The winner will receive a dream prize package, including a trip for two and two tickets to Super Bowl XLIII in Tampa, Fla. In addition, the winner will get to meet Super Bowl XLII MVP and New York Giants Quarterback Eli Manning, as well as a player from their favorite NFL team (if it's not the Giants), and play side-by-side with celebrities and star athletes in DIRECTV's Celebrity Beach Bowl flag football game, also held in Tampa during Super Bowl week. Finally, the winner will participate in their own media tour where they'll rub elbows with NFL stars while doing interviews on "radio row" at the official Super Bowl media center.

 

 

Below are the U.S. cities featuring the largest out-of-market fan base for each NFL team (based on percentage of NFL SUNDAY TICKET™ subscribers in the DMA that have listed the specific team as their favorite).  The results exclude all cities that are within the home territory of the local team.

 

 

1. Arizona Cardinals – St. Louis, MO

2. Atlanta Falcons – Greenville-Spartanburg, SC / Asheville, NC

3. Baltimore Ravens – Harrisburg-Lancaster, PA

4. Buffalo Bills – Orlando-Daytona, FL

5. Carolina Panthers – Norfolk, VA

6. Chicago Bears – Las Vegas, NV

7. Cincinnati Bengals – Charleston-Huntington, WV

8. Cleveland Browns – Tampa-St. Petersburg, FL

9. Dallas Cowboys – Washington, DC

10. Denver Broncos – Las Vegas, NV

11. Detroit Lions – Orlando-Daytona, FL

12. Green Bay Packers – Minneapolis-St. Paul, MN

13. Houston Texans – Fresno-Visalia, CA

14. Indianapolis Colts – Knoxville, TN

15. Jacksonville Jaguars – Norfolk, VA

16. Kansas City Chiefs – Des Moines, IA

17. Miami Dolphins – Atlanta, GA

18. Minnesota Vikings – Des Moines-Ames, IA

19. New England Patriots – Orlando-Daytona, FL

20. New Orleans Saints – Jackson, MS

21. New York Giants – West Palm Beach, FL

22. New York Jets – West Palm Beach, FL

23. Oakland Raiders – Las Vegas, NV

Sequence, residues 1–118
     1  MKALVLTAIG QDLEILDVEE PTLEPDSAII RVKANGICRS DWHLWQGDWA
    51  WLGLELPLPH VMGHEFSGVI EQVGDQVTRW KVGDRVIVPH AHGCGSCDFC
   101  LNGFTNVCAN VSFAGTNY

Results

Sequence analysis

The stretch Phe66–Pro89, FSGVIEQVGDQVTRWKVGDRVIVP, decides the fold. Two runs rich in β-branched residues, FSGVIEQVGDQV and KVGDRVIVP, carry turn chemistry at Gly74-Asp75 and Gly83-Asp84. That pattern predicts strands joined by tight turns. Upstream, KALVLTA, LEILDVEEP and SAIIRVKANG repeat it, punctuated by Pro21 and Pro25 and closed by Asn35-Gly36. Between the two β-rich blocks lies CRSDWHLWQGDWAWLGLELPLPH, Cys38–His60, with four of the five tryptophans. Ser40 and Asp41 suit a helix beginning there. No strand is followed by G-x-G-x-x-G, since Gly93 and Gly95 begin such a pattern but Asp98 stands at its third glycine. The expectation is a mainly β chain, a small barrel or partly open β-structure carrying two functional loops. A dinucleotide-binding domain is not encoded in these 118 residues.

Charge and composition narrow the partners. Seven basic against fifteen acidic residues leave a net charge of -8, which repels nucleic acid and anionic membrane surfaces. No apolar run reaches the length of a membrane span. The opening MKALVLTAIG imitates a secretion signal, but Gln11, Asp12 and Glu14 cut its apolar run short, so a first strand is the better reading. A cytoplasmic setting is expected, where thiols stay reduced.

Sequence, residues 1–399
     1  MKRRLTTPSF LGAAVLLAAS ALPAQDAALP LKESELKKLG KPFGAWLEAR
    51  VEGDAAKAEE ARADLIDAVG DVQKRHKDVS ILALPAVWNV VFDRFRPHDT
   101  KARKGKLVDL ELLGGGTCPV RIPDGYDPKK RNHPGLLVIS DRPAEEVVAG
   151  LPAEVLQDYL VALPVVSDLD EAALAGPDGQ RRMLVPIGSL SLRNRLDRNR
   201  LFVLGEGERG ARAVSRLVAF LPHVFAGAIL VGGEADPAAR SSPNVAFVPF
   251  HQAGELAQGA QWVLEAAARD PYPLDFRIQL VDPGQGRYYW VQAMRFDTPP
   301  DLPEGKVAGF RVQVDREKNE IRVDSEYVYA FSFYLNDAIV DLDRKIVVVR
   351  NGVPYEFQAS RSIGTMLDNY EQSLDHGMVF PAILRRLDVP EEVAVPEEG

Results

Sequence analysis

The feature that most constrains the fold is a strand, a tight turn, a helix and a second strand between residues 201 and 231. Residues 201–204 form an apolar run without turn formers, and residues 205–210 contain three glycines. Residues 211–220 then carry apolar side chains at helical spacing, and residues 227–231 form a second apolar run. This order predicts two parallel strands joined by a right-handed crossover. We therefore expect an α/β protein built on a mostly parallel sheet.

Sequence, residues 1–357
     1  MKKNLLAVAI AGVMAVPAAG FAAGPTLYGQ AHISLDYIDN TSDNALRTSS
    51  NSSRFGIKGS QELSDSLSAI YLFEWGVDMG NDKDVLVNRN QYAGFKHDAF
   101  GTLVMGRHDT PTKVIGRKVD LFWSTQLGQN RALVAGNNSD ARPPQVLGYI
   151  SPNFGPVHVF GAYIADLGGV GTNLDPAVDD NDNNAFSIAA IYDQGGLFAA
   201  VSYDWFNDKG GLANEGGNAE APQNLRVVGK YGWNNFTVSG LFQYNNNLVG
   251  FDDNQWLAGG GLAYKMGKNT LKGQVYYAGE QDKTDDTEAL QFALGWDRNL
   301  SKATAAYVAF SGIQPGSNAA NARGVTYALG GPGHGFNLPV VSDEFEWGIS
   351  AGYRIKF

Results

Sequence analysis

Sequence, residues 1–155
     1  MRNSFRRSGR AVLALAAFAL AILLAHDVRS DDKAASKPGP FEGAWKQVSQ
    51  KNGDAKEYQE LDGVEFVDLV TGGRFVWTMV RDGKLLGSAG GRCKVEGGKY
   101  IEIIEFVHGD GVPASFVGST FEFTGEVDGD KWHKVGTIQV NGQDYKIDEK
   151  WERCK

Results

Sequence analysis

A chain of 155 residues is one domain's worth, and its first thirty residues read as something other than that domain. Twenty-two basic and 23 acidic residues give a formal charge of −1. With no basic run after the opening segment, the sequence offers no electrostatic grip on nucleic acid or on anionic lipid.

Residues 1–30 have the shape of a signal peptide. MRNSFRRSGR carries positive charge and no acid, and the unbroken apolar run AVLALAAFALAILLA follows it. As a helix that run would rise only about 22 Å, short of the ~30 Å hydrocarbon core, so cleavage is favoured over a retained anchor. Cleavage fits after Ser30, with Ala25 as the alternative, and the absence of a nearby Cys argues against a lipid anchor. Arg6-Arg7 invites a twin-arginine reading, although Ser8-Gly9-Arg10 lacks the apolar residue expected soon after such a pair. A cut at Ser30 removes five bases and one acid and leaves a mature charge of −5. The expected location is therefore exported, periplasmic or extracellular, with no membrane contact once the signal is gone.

24. Philadelphia Eagles – Baltimore, MD

25. Pittsburgh Steelers – Cleveland, OH

26. San Diego Chargers – Las Vegas, NV

27. San Francisco 49ers – Portland, OR

28. Seattle Seahawks – Portland, OR

29. St. Louis Rams – Fresno-Visalia, CA

30. Tampa Bay Buccaneers – Greenville-Spartanburg, SC / Asheville, NC

31. Tennessee Titans – San Antonio, TX

32. Washington Redskins – Raleigh-Durham, NC

 


Cheerleader pics

I've decided to move all my pics over to dotphoto. 
 
It'll take some time to get all the cheerleader pics moved, but in the meantime, here are the pics I've added from this past week's game...



 
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Wednesday, November 12, 2008

Dolphin nominees

Dol-Fans show your support and help two Dolphins win major NFL weekly awards. On the heels of Miami's 21-19 victory over the Seattle Seahawks this past Sunday, safety Yeremiah Bell and tackle Jake Long have been nominated for weekly NFL honors.

 

Bell is a nominee for the GMC Sierra Defensive Player of the Week for Week 10. He led the Dolphins with nine tackles and defensed a two-point conversion attempt by Seattle to secure the Dolphins' 21-19 win over the Seattle Seahawks in the fourth quarter. Voting is now open, and will remain open until this Thursday at 4:00 p.m. (ET). To vote for Bell:

http://www.nfl.com/partner?partnerType=players-defense

 

Long is a nominee for the Diet Pepsi Rookie of the Week for Week 10. He was part of an offensive line that led a running game that amassed 155 yards and two touchdowns on 27 attempts (5.7-yard average) and allowed only two sacks in the Dolphins' 21-19 win over the Seattle Seahawks. Voting is now open, and will remain open until this Friday at 12:00 p.m. (ET). To vote for Long:

http://www.nfl.com/partner?partnerType=rookies

Tuesday, November 11, 2008

A couple of key plays



On Miami's first TD, they ran the "flea flicker." In this play, the offense essentially executes a basic running play (in this case off right guard), and then the running back suddenly turns around and shovels it back to QB. He then will throw it long to a receiver streaking down the field.



The key here is to "sell" the run. You have to make the defense assume that its a running play so the saftey will come up, leaving the receiver in (at worst) one-one coverage.

In Miami's case, the safety did come up, but recognized the play and returned to coverage, thus putting Ginn in double coverage. But the pass was so perfect, and Ginn made a one handed catch that negated the coverage.

=======================================================



On Miami's second TD, they unveiled another wrinkle to the wildcat. This time, they lined up Ronnie as the ball handler, and flanked him with Cobbs and Ricky. And they did not use the unbalanced line we saw on other ocassions.